History’s Real-World Adventurers

Forget Drizzt and Mordenkainen. I discovered a really interesting article over at ENWorld on real-world epic heroes and villains:

As someone who enjoys history, I wanted to point out that there are rather quite a few remarkable real people from history who had adventures seldom matched in any Fantasy Novel, DnD game, or all the WoW games ever played, and they were a long way from Dilbert. In fact, many of the people on this list were IMO greater warriors than Conan, wiser than King Arthur, and more ruthless and intrepid than Elric.

A few examples:

  • Miyamoto Musashi, Japanese swordsman. Fought and won over sixty life-or-death duels, his first at age thirteen. Developed the two-sword fighting style and founded a fencing school.
  • Jeanne de Clisson, French pirate. After her husband was executed, she took revenge by selling her land to buy three warships, which she painted black with red sails and used to raid the king’s ships.
  • Egill Skallagrímsson, Icelandic Viking. Said to have fought as many as twenty men single-handedly and defeated a fierce berserker.

Further, the author writes on Historical European Martial Arts, a modern movement to reconstruct mediaeval fencing and combat techniques. It turns out that swordfighting techniques were actually pretty advanced, which is something you don’t see represented in Dungeons & Dragons. There are several videos, including grappling and full-contact sparring with swords.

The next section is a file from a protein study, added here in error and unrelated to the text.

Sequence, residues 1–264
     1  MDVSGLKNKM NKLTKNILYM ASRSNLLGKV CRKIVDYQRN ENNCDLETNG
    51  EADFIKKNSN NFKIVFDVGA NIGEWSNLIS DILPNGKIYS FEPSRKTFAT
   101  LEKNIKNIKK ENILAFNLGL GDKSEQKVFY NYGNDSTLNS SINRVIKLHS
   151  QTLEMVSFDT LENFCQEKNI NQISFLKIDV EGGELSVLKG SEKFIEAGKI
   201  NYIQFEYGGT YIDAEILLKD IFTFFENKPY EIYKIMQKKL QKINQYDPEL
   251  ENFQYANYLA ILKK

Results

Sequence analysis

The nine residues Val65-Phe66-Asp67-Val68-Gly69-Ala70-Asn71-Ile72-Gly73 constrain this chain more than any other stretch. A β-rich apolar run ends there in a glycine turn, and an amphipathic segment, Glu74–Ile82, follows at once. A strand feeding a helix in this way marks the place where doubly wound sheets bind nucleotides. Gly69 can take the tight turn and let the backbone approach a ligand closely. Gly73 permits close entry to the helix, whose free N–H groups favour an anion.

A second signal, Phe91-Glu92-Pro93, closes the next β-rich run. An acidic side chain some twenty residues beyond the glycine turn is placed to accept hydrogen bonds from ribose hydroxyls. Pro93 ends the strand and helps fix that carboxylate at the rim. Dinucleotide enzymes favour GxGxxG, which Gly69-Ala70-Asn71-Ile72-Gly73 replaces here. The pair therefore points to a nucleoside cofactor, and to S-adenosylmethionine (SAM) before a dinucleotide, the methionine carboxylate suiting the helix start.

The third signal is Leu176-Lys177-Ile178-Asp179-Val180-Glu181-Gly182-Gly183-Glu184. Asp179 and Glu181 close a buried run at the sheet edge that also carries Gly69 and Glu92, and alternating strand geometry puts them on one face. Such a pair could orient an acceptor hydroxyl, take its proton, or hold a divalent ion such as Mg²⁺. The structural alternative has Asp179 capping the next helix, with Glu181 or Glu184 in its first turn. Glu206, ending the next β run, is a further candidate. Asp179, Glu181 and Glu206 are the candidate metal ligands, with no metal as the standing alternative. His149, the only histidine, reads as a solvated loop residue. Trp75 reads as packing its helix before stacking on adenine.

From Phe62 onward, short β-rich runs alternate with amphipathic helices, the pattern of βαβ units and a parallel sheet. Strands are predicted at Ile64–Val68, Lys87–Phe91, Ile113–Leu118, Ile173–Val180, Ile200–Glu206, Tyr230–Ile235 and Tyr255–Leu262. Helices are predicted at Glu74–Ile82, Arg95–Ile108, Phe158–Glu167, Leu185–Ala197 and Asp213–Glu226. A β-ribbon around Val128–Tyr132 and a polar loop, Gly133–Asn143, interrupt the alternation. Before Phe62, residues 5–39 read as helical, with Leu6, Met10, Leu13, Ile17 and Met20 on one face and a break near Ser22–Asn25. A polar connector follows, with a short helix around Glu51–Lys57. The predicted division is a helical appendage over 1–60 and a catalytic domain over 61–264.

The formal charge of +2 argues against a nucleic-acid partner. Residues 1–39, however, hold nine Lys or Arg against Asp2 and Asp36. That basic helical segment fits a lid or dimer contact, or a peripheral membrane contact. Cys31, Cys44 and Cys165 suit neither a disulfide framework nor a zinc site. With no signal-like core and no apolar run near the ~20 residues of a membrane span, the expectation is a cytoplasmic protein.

The thread’s titled Mundane vs. Fantastical: give it a read.


Comments (1)

Sian (October 3rd, 2008)

Western martial arts are woefully underestimated. Unlike their eastern ilk, they fell utterly out of use and were forgotten. ARMA and other similar organizations have worked to reconstruct them from manuscript and other references, and found them quite advanced and formidable.

Also note that History’s Greatest Badasses could be easily represented by D&D stats of 10th level or less.

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